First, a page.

Samsung 840 Series TLC 250GB SSD Review

Samsung leads the way by introducing the world's first SSD equipped with TLC NAND into the market. The Samsung 250GB 840 Series SSD looks to shake up the market by providing an excellent dollar-to-performance ratio by leveraging low cost NAND and the high-powered MDX controller. Does its performance equal the value expectation?

Samsung 840 Series TLC 250GB Basics

Samsung's release of the 840 Series takes the innovative approach of releasing the world's first TLC Triple Level Cell) NAND-equipped SSD. TLC brings with it many advantages, but a few notable disadvantages as well.

TLC stores three bits per cell, giving it higher density than MLC (two bits per cell) and SLC (one bit per cell), but also suffers lower write speeds and endurance as a direct result of the increased three bits per cell.

One of the primary reasons for the development and integration of TLC NAND into the market is the huge price decreases that it is expected to bring along with it. NAND is the most expensive component on SSDs, even though the price of NAND has been falling exponentially.

In 2010, customers were paying $3 a GB for capacity on SSDs, but today this has stabilized to $1 per GB on average, with sales and good deals netting prices of 80-90 cents per GB after mail in rebates and other incentives. There have even been several instances where customers have been able to pick up previous generation SSDs for under 60 cents per GB.

The price of NAND has been falling for several reasons; one of these being the process shrinks as the technology matures and simply requires less silicon. Each process shrink brings about an incremental drop in prices as the density increases.

Even with these decreases in cost, the average large capacity SSD still costs up to nine times more than a comparable capacity HDD. It will surely be some time before we will witness commoditization of SSDs, but assuredly, it will happen. The day will come when a user will walk into a big box store such as Fry's Electronics or Best Buy and every pre-built computer will be sporting a Solid State Drive.

This is the central motivation for the impending explosion of TLC NAND into the SSD market. Once TLC NAND is implemented in mass production the prices should drop tremendously for the value segment, while MLC will continue to dominate the performance-driven upper end.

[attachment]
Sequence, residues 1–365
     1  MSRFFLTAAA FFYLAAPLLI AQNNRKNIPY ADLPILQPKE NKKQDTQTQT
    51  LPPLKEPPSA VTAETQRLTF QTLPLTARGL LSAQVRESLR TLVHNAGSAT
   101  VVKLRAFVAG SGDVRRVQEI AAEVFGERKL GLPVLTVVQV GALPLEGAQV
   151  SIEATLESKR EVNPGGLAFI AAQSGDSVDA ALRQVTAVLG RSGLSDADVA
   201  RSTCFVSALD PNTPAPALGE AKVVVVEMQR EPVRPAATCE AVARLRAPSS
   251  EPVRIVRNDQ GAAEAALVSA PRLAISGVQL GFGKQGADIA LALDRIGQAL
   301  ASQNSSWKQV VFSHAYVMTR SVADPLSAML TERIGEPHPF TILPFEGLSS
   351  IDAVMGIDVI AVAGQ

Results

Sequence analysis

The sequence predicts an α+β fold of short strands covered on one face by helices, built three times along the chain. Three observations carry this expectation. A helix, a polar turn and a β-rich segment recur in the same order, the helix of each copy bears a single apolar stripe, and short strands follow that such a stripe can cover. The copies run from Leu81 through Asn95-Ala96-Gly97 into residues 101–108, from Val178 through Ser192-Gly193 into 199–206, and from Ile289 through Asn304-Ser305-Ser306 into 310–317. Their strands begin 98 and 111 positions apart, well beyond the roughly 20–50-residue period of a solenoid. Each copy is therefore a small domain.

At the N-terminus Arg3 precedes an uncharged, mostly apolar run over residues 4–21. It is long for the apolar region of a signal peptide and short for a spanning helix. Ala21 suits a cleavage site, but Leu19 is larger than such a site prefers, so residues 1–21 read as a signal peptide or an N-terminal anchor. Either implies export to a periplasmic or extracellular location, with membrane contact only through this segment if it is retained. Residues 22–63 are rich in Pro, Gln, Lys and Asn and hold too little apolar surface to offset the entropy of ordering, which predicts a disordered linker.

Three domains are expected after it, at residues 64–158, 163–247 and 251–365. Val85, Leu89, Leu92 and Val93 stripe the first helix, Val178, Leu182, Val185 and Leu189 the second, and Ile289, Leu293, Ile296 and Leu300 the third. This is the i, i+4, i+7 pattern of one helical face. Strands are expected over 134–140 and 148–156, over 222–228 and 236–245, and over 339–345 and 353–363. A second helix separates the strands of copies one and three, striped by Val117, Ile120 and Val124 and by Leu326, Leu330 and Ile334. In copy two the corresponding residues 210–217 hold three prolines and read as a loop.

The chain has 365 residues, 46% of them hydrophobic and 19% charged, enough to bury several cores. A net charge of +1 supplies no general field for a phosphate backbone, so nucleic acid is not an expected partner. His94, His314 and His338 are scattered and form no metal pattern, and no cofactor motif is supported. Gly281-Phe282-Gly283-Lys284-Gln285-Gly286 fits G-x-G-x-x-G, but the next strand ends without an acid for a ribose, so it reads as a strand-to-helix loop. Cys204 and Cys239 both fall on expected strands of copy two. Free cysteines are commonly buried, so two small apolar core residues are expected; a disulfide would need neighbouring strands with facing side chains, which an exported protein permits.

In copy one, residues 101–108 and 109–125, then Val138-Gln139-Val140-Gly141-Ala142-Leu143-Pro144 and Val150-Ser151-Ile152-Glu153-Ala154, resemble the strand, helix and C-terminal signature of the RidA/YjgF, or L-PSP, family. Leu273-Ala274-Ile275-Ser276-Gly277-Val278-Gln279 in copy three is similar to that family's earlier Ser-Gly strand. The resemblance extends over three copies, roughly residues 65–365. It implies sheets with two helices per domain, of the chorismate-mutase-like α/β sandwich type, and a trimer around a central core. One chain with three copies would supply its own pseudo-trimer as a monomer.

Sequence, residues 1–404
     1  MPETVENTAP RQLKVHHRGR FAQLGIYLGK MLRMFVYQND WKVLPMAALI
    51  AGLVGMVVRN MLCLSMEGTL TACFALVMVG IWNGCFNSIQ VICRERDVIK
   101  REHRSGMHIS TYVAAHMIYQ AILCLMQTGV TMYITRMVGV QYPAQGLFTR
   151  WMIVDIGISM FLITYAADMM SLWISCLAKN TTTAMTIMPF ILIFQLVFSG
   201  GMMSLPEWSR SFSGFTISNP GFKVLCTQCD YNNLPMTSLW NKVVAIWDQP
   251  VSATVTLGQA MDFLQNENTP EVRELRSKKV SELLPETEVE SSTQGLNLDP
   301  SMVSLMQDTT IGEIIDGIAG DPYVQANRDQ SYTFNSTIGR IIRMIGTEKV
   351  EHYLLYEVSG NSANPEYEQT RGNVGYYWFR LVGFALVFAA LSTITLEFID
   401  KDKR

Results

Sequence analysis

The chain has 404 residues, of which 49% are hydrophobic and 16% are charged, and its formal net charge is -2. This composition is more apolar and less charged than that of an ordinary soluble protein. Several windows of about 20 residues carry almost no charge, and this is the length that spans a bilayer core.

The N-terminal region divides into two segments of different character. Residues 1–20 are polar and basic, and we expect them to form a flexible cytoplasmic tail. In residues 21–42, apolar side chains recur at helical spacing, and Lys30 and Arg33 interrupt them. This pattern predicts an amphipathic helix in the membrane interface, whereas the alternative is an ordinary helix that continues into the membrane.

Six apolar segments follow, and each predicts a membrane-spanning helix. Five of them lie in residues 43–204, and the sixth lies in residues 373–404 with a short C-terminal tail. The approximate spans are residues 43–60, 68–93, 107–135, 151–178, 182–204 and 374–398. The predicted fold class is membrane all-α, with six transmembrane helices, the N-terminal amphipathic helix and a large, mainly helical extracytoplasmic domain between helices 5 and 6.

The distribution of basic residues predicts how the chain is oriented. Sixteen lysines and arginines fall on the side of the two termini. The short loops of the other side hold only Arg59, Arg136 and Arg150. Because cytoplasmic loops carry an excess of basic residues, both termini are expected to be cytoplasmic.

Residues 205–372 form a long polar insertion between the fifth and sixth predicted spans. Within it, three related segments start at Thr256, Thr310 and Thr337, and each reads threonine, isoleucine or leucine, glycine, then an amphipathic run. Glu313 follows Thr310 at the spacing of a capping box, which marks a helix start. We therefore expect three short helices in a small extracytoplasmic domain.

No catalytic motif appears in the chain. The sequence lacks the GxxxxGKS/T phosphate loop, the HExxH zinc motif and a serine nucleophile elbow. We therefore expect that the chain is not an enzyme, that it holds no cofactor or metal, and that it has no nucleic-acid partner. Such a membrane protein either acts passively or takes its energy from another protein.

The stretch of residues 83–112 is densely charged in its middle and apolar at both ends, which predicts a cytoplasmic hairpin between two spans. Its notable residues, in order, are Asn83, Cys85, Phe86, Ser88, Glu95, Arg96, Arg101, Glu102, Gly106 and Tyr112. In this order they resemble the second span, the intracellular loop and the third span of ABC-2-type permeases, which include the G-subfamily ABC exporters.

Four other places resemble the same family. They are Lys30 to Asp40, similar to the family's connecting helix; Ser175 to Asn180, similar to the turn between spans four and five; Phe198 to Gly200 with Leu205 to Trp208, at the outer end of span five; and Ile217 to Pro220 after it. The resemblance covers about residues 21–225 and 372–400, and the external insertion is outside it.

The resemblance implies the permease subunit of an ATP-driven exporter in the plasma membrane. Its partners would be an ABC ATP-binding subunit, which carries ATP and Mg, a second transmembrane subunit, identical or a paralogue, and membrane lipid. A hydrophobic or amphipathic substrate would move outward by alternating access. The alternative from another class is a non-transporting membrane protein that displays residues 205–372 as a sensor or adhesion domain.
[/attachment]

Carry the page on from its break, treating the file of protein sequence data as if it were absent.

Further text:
As the larger OEMs transition to mass TLC production, with the NAND foundries chugging away, the price of NAND should fall further.

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TLC NAND brings with it lower write speed and lower endurance. This brings about the need to combat these eventualities with more refined firmwares, error correction, and enhanced NAND management techniques. Low write speeds for an SSD still enjoy a tremendous latency advantage over HDDs, and with low percentages of write activity in mixed read/write workloads the NAND can still produce enough speed to provide the large majority of users with more than enough speed.

The most concern comes from the reduced endurance of TLC. A few short years ago NAND management techniques simply were not sophisticated enough to squeeze enough endurance out of the product to create a viable solution. The typical expected life span of a consumer SSD is 5 years, and meeting that goal has always been the real hurdle that TLC needed to overcome to begin its widespread use.

Samsung pairs own TLC NAND with its powerful triple core MDX controller, which provides enough processing power to extract the desired performance characteristics from the NAND in both performance and endurance. After our review of the Samsung 840 Pro it is hard not to be impressed with the overall performance of the MDX controller. With the MDX controller and Samsung's firmware implementation producing enough horsepower to dominate the steady state testing in a large field of competitors, it will be interesting to test the performance of the new Samsung 840 Series featuring its TLC NAND and see if Samsung has delivered another winner.